The xylem sap samples were diluted in Buffer E [25 mM 2-morpholineethanesulfonic acid (Mes), pH 6.2, 2.5 mM MnSO4, and 2.5 mM DTT] and centrifuged at 20,000 g for 1 h and 30,000 g for 1 h. This supernate was passed through a 0.22 μM membrane to remove impurities, and then twice extracted with chilled acetone (90%) to precipitate proteins. This precipitate was dissolved in Buffer E, with protein purification via ammonium sulfate fractionation, gel filtration chromatography and ion exchange chromatography according to previously reported methods . Proteins were further purified by passing through ammonium sulfate fractionation (50%), filtering to exclude ≤ 10 kDa molecules (Amicon Centricon YM-10, Millipore Corporation, Bedford, Ma, USA), and finally via gel filtration (Superdex 200 10/300 GL column; controlled by ÄKTAbasic –Systems, Amersham Biosciences, Piscataway, NJ, USA) and ion exchange (Mono Q H/R 5/5 column; controlled by ÄKTAbasic –Systems) chromatography. Buffer E was used as solvents and NaCl was added into Buffer E for the salt gradient elution during purification . Fractions with urease activity were pooled, desalted using a small P-10 column, and concentrated by centrifugation for 2 h at 5,000 g at 4°C with Amicon Centricon YM-10. The smaller molecules were removed because they contain phenolic substances that interfere with enzyme activity. Fresh purified enzyme was subsequently loaded on large (16 cm × 16 cm) gradient (8-16%) sodium dodecyl sulphate -polyacrylamide electrophoresis (SDS-PAGE) gels for purity analysis.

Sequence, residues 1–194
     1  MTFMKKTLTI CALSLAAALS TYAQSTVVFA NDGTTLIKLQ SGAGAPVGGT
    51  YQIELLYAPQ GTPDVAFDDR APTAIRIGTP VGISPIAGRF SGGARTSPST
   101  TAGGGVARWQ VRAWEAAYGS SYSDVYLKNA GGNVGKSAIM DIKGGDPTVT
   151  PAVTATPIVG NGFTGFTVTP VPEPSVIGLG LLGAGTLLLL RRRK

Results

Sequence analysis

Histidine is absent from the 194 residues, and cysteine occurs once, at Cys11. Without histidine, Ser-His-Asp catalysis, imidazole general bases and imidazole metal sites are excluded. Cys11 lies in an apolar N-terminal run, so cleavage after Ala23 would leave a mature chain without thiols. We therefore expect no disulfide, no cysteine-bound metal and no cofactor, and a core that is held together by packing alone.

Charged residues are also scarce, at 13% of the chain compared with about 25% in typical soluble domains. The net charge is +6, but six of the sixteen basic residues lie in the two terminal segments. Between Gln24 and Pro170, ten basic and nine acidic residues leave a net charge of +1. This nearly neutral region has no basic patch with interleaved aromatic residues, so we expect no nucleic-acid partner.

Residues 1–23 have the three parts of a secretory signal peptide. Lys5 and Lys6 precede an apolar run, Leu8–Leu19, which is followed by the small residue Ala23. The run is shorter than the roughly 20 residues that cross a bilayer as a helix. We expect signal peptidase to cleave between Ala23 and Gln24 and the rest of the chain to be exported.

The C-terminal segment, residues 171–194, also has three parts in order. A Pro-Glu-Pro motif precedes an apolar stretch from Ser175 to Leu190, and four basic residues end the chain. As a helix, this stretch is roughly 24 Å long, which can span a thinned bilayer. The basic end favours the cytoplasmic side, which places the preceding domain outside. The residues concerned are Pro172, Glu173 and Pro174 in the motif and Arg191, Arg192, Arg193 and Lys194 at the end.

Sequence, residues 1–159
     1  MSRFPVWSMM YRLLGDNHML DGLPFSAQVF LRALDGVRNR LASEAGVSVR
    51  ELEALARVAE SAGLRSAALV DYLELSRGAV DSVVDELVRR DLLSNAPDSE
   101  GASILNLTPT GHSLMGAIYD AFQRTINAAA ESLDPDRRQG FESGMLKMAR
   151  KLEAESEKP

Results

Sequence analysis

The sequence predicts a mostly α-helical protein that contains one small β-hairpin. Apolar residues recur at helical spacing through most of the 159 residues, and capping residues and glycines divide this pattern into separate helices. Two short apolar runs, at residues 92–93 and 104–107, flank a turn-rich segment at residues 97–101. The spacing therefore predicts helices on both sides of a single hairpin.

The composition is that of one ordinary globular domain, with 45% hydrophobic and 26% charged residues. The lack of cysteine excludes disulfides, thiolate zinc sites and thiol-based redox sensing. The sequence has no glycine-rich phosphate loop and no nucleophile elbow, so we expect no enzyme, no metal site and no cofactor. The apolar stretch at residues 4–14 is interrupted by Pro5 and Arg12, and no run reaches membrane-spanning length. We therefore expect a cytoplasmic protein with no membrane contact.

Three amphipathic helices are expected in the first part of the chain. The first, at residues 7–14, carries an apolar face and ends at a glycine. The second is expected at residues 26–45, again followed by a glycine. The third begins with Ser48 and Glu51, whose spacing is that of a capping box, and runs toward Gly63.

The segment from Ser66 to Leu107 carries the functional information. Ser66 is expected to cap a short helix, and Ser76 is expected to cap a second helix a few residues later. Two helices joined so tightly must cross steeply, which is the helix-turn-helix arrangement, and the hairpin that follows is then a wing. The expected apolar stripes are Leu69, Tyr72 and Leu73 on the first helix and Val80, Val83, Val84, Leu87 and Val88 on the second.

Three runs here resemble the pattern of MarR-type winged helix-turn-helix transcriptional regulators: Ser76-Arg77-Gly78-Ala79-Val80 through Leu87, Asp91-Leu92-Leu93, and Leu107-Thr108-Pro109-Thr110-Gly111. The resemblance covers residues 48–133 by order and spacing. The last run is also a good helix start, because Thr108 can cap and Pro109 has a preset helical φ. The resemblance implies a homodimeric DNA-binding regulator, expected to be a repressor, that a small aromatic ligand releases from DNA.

RNase A source and activity